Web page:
By now the conference was losing a bit of momentum. I slept in rather than attending the last keynote and scoring a free breakfast. I started the day with "Mobility Architecture: Designing a Mobility Infrastructure" presented by connectologist Dave Hoglund (Johnson Controls) and Milind Parandare (Patni Computer Systems). Their story was, "Guess what? Everything's going wireless, and it's okay." Dave presented a comprehensive (if scary) overview of wireless technologies that are either coming to hospitals, or already in them. The key to survival will be proper needs assessment, planning, system design, and management - and will have a huge impact on both biomeds and especially IT.

The proliferation of both wireless systems and sources of RF interference require that any wireless system be properly designed, installed, and validated to ensure proper operation. This is regardless of whether the frequency used is "protected" (from intentional sources of interference) or uses an unlicensed band like ISM. Wireless medical devices have been deployed for years on unlicensed bands and proven to be as safe and drop-out free as systems using licensed bands. One of the first vendors to deploy on unlicensed bands was Welch Allyn; GE, Philips and most of the rest of the rest of the industry followed suit. The latest example is Draeger's OneNet, where real time monitoring data and alarms runs on wireless and wired networks with other hospital data (i.e., no "private" network).

Next up was "An Effective Decision Making Process for Selecting and Installing Wireless Technology," presented by Mark Kotfila and Paul Coss of Philips, and the ubiquitous Rick Hampton of Partners. As a vendor selling proprietary radio technology for their patient monitors and telemetry, I thought Philips did an admirable job of presenting a pretty unbiased view of the problem. They were also up front about Philip's position that medical devices and IT should be on "separate networks." Given that there are so many considerations in purchasing wireless medical devices beyond the wireless technology, and that all the technologies considered work, I'm not sure that the considered analysis that was presented will be a big factor in purchase decisions. Some interesting things did come out of the discussion.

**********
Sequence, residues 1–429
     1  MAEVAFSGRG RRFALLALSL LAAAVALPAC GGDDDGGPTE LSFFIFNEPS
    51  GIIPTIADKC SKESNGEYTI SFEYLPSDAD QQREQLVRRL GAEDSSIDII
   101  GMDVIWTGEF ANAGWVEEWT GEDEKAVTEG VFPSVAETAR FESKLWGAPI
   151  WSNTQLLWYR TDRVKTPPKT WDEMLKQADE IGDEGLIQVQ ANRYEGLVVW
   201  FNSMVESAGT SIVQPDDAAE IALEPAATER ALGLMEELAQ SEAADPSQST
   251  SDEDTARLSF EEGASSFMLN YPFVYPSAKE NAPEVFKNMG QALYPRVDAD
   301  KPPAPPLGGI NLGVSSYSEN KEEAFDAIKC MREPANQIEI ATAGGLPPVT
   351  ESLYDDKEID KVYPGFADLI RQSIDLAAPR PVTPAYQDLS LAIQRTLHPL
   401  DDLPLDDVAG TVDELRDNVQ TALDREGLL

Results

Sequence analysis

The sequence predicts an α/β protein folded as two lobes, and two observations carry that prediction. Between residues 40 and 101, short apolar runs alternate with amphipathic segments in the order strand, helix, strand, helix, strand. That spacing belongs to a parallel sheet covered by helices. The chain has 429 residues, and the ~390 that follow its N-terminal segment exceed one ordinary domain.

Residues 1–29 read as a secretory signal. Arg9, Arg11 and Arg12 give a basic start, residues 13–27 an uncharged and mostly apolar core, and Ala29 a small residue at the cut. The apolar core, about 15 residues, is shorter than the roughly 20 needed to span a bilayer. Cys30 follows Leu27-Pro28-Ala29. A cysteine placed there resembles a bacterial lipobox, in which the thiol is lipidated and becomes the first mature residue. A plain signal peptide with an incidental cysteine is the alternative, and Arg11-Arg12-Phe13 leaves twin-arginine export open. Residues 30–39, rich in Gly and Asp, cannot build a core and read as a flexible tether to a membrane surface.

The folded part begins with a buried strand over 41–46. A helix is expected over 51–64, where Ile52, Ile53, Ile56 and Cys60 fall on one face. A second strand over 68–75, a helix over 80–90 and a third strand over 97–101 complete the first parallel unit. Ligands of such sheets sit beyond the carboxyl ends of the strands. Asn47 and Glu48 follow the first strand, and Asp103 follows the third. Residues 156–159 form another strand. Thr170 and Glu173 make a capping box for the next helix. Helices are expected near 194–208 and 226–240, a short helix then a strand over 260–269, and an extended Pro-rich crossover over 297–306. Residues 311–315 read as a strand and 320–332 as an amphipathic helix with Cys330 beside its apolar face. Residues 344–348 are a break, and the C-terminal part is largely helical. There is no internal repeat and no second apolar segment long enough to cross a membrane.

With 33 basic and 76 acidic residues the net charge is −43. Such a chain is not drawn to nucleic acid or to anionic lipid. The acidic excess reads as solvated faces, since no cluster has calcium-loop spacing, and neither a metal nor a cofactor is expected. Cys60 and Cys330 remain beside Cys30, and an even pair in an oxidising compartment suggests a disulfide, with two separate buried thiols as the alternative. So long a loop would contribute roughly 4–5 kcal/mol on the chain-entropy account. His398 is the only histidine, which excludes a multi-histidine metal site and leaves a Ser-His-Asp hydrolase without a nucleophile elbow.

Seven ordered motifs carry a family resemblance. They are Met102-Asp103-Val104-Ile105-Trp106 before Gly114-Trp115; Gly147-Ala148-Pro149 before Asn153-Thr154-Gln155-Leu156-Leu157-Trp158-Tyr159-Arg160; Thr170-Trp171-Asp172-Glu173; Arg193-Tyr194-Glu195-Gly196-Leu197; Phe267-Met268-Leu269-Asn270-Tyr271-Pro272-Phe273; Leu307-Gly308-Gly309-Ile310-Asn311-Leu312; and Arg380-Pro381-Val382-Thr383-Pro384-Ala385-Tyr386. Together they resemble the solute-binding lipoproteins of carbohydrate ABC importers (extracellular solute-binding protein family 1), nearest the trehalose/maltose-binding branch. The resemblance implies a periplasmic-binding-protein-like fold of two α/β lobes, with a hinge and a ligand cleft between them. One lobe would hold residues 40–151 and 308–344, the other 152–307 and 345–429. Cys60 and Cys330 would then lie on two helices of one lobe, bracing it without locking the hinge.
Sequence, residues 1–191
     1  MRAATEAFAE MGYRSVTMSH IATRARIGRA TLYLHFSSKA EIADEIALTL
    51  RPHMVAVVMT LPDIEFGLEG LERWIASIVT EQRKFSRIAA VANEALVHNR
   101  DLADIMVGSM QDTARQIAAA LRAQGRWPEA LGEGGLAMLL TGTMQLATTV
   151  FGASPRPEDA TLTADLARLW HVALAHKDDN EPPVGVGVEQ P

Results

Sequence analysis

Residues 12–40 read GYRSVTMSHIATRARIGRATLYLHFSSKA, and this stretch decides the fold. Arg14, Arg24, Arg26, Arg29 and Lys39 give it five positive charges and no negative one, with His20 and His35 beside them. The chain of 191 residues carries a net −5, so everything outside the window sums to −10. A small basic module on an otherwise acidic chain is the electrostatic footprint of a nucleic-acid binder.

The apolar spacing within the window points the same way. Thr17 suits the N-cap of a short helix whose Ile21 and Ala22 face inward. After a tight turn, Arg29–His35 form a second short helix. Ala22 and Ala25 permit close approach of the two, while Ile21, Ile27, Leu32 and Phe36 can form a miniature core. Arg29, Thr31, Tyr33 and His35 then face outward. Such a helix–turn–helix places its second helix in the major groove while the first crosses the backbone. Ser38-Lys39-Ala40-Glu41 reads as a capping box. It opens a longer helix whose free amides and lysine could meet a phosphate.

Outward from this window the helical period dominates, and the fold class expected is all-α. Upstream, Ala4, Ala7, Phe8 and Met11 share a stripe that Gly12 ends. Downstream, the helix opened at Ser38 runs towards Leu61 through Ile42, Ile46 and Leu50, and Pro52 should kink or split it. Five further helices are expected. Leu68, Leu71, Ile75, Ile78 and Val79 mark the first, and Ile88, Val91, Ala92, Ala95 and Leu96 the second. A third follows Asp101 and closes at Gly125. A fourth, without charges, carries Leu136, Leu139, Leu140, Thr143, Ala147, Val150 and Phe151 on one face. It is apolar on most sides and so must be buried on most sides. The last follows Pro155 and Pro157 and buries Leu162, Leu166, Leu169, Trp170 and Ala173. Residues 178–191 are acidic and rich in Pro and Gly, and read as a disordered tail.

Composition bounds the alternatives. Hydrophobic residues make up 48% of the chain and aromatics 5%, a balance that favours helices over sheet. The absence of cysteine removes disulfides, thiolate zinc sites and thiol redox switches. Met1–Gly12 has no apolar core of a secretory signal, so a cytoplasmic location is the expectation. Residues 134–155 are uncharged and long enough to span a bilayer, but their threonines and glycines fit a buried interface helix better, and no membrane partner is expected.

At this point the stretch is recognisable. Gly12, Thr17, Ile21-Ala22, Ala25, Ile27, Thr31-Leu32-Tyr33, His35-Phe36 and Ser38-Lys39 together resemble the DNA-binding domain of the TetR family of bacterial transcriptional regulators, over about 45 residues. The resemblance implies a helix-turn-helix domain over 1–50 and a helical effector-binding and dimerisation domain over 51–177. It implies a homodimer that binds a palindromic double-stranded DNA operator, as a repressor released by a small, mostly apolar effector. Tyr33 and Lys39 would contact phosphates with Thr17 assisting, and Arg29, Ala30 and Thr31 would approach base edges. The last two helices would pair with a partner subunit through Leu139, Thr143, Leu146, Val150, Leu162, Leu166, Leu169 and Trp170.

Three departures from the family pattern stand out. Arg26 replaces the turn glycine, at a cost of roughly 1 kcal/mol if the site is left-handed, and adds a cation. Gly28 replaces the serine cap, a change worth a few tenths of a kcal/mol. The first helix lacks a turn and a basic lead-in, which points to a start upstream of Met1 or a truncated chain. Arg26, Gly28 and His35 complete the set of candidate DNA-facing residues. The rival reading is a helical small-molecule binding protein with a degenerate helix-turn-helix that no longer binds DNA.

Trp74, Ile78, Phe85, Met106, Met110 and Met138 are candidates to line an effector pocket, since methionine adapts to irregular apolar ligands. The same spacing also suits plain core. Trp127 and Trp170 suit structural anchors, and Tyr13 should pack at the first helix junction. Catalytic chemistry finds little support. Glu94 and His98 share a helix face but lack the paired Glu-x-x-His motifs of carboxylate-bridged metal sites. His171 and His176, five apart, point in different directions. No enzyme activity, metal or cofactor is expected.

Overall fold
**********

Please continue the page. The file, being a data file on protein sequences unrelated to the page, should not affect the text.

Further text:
Rick noted that the status of 1.4 GHz used by wireless utility meter reading systems and WMTS regarding primary, co-primary or secondary user status of the frequency is unclear. The FCC is struggling to clear the ambiguity, but until then, managing and registering your frequencies and evaluating the 1.4 GHz band and its local utilization is up to users. It was noted that licensing of 1.4 GHz for wireless meter reading is growing over time.

Rick noted that almost half of the 608 MHz band at MGH is used up by allowable "side lobe interference" from channel 38.

A great question came from the audience asking about 2.4 GHz usage, and how much is too much; the answer is no one knows. With proper planning, design, and installation combined with advances in technology we may never reach a saturation point in the 2.4 GHz band. As a related benchmark, Cisco recommends no more than 12 devices per access point for networks supporting wireless VoIP phones. Capacity of wireless devices in a given area is a parameter that most hospitals are not considering sufficiently (if at all) in current WLAN installations. One way to increase support of more devices in a given area is to increase your access point density.

After the session there was some discussion of Guidant's use of 900 MHz for their wireless ICD and programer and the known interference with Spectralink phones and Plantronics headsets - Rick emphasized this was not a "probelm" with anyone's product, but simply an RF management issue not unlike other RF management issues that frequently arise. Yor can read more about this here.

The real takeaway from all these RF discussions is that there is no one best wireless band or technology. Everthing depends on the application, environment and what you're trying to accomplish - and this holds true whether you're a hospital or vendor.